Guest Editorial Special Issue on Machine Olfaction - IEEE Xplore

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Guest Editorial. Special Issue on Machine Olfaction. IN TODAY'S society there is an urgent and growing need to detect, identify and quantify both simple and ...


Guest Editorial Special Issue on Machine Olfaction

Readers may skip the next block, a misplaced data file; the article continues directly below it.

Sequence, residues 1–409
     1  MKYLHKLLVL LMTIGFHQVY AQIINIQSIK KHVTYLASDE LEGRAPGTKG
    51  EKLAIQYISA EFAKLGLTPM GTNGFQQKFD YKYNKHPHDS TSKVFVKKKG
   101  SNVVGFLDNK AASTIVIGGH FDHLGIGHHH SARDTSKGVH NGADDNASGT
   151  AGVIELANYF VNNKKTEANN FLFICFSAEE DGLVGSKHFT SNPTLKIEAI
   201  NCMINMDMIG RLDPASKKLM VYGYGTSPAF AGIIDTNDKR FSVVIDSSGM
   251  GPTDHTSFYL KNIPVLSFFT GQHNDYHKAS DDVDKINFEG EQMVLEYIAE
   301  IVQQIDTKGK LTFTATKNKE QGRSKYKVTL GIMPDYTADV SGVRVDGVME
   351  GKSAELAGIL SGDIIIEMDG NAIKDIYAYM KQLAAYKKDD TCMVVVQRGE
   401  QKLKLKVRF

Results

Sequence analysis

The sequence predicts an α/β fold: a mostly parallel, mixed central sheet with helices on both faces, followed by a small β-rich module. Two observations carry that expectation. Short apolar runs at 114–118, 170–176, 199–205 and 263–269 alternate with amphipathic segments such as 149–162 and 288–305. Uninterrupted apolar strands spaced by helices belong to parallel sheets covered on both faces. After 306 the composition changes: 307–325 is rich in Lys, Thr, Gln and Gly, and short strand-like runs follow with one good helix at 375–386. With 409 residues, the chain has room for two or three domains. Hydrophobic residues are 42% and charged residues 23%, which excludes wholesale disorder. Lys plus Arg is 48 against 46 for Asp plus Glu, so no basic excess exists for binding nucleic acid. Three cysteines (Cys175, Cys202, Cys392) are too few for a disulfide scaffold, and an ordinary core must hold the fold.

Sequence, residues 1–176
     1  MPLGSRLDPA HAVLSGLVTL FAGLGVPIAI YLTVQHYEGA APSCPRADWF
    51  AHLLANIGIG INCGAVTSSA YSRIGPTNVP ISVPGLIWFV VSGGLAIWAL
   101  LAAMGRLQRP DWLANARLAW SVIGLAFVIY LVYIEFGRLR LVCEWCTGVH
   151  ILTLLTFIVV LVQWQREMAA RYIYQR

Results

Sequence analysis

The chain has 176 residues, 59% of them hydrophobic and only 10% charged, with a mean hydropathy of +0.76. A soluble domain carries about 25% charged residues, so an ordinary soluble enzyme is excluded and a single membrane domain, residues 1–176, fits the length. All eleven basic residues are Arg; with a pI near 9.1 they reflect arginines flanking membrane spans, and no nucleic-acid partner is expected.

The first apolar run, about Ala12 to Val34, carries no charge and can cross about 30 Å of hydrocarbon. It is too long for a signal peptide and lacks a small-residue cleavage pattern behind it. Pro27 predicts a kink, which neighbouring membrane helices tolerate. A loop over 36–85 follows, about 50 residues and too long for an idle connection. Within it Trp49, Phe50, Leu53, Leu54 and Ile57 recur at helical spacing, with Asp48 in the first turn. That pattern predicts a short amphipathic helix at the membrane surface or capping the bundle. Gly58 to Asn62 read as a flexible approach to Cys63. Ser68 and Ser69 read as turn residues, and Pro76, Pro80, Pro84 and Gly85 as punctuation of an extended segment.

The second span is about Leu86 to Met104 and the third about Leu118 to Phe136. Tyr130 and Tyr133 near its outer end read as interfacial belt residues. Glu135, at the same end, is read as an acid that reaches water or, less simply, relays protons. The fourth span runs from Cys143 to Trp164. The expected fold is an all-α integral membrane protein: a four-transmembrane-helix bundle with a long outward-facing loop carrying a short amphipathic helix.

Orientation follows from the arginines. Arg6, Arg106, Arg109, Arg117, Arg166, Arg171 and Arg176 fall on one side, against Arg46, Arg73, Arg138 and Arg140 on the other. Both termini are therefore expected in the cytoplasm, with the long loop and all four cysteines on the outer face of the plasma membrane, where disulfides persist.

N TODAY’S society there is an urgent and growing need to detect, identify and quantify both simple and complex odorous compounds. Applications lie increasingly in the areas of security (e.g., chemical warfare agents), disaster response (e.g., toxic industrial chemicals), environmental monitoring (e.g., pollutants), food safety (e.g., taints, bacterial spoilage) and personal health (e.g., bacterial infection). An approach towards solving these challenging sensing problems has evolved over the past thirty years that seeks inspiration from the sense of smell. The approach is called machine olfaction and is based upon the premise that odorant chemical compounds can be identified by combining an array of cross-selective solid-state gas sensors with suitable pattern recognition algorithms. The field of machine olfaction is inherently cross-disciplinary, and poses interesting problems in basic science and engineering, from materials science to artificial intelligence and neurobiology. Challenges abound and include sensing materials that are more sensitive, selective, and stable; sampling systems that can efficiently deliver analytes to the sensors; and algorithms that can extract information from noisy non-stationary sensor signals. In the pursuit of machine olfaction, much can also be gleaned by studying the architecture and processes within biological olfactory systems – both mammalian and insect. Advances in chemical micro-systems will soon make it possible to develop portable instruments with analytical capabilities that a decade ago only existed in large bench top analytical instruments. When integrated with wireless network or cellular infrastructures, these next-generation sensors may be used to monitor chemical emissions over wide geographical areas. However, in order for such systems to operate largely unattended for long periods in complex environments, solutions are needed such as adapting sensing parameters in response to changes in the local environment, coordinating sensing operations across multiple nodes, and managing the limited energy budget at each sensing node. This year is the 10th anniversary of the first special issue on machine olfaction of the IEEE S ENSORS J OURNAL. During this past decade, the field has grown in a number of exciting directions, including spectroscopic and olfactory receptorbased sensing, computational models of olfactory processing, and mobile and distributed sensing. This second special issue provides a timely update on advances during the past decade (as well as a vantage point from which to evaluate the last 30 years) in the field and, more importantly, the challenges that still lie ahead. It includes invited papers based upon presentations give at the International Symposium on Olfaction and Chemical Sensing (ISOCS) that was held in New York Digital Object Identifier 10.1109/JSEN.2012.2215434